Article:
Some of last year’s changes to Alaska’s criminal code have drawn fire from law enforcement officials, politicians and crime victims. A partial rewrite is underway.
But a Southeast tribal justice leader said sections of Senate Bill 91 are worth keeping.
Jason Wilson is public safety manager for the Central Council of Tlingit and Haida Indian Tribes of Alaska. He manages the tribe’s Village Public Safety Officer program. He’s also a member of the state’s parole board.
At a Thursday forum, he said probation system changes are helping lesser criminals remain functioning members of society.
He referred to a situation where probation terms include no drug or alcohol use. He said breaking that rule used to mean an automatic 15-day lockup.
“So this person relapses. That’s a violation and they go to jail. They now lose their home because they’re sitting in jail. They lose their home and they lose their job. So, when they come back out, we’re starting all over,” he said.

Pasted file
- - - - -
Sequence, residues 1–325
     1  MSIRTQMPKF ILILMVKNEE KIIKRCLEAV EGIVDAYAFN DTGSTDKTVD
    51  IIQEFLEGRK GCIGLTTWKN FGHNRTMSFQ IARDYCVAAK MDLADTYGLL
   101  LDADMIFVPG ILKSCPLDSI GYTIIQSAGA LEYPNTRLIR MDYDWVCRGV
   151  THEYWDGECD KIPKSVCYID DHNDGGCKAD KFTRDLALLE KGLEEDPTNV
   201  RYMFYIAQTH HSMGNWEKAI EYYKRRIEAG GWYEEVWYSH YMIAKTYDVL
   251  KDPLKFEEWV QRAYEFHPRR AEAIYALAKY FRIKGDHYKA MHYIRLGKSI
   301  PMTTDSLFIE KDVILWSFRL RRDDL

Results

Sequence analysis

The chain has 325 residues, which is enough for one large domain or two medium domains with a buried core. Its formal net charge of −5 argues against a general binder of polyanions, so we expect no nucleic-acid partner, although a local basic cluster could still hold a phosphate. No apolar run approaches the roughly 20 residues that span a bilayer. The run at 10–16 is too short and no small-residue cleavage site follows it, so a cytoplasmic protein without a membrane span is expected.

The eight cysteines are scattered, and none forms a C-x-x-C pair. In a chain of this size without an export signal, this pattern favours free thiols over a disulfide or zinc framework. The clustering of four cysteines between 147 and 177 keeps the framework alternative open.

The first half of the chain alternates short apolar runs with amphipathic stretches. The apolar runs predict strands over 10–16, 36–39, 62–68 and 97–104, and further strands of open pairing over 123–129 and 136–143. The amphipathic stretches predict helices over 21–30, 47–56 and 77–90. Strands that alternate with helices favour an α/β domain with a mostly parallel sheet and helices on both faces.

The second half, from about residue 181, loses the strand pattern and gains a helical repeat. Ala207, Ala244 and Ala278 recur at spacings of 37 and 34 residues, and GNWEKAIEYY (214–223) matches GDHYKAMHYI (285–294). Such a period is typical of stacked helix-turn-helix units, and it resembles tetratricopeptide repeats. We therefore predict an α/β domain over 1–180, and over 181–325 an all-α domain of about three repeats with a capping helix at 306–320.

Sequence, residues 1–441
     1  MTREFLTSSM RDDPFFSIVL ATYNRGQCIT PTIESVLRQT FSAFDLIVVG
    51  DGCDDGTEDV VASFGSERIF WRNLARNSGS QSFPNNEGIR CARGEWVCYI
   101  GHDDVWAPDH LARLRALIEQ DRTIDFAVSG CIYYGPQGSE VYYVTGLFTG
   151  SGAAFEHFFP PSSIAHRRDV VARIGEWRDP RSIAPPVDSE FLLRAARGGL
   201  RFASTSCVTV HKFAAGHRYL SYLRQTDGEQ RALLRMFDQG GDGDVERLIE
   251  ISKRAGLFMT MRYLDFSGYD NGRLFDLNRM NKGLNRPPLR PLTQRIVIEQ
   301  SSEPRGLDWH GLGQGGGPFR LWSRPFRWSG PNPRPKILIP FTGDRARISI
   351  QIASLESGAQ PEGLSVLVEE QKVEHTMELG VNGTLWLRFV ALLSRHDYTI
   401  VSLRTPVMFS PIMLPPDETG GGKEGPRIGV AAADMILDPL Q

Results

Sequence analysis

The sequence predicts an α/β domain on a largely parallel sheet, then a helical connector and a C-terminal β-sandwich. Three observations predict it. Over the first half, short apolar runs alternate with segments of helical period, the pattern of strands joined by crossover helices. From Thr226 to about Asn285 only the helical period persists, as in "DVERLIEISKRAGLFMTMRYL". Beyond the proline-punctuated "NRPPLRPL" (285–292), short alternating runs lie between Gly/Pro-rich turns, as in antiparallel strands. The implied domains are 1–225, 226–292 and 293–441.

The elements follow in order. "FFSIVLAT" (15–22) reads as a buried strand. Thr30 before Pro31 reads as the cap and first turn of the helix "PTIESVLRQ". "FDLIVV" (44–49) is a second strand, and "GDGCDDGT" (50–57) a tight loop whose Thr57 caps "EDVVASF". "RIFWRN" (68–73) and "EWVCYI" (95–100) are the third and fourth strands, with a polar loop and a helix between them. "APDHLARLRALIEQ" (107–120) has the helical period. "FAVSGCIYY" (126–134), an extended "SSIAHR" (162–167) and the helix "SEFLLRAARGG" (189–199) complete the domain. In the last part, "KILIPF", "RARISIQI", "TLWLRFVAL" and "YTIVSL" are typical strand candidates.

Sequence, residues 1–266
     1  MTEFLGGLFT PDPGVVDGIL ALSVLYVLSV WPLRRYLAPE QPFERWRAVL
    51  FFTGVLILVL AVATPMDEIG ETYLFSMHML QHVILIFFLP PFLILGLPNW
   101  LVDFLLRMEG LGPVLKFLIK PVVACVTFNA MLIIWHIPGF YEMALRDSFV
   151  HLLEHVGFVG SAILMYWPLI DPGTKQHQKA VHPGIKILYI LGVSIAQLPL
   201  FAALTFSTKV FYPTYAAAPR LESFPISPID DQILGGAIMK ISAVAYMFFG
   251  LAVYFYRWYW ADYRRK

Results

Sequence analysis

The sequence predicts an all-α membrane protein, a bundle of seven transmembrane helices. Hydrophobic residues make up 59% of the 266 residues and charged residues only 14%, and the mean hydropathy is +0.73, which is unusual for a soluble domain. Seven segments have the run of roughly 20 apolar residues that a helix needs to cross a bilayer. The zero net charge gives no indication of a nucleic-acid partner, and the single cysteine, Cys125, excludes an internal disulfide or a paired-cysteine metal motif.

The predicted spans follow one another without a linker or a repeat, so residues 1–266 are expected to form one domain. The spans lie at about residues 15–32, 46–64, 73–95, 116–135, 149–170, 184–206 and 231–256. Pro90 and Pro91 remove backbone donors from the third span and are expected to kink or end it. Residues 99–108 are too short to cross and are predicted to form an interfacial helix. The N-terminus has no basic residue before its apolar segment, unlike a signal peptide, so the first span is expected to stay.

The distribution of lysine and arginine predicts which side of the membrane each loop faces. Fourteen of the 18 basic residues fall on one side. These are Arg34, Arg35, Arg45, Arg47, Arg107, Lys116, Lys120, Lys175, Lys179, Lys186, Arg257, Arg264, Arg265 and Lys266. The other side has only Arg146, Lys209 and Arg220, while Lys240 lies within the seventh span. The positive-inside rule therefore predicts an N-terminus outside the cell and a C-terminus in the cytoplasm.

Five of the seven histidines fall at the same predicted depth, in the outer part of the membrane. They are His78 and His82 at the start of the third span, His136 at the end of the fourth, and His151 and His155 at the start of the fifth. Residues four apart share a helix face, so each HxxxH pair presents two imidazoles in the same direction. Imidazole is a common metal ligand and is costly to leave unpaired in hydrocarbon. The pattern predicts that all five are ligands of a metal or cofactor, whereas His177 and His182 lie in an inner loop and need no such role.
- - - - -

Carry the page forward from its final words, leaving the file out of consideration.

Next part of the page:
Wilson said the new rules still punish offenders with jail time, just not as much. And experts understand relapses are part of the recovery process.
“Now with the justice reform, we’re an automatic three days [in jail] and we’re out. So the offender is reminded these are things that we need to work on, we need to add treatment. They still hopefully have their home and they still hopefully have their job,” he said.
Wilson was one of four panelists addressing criminal justice reform at a Native Issues Forum in Juneau.
Other speakers were Fairbanks and North Pole Senator John Coghill, who’s working on updates to the justice reform legislation; his aide Jordan Shilling and Central Council Second Chance Reentry Program Coordinator Talia Eames.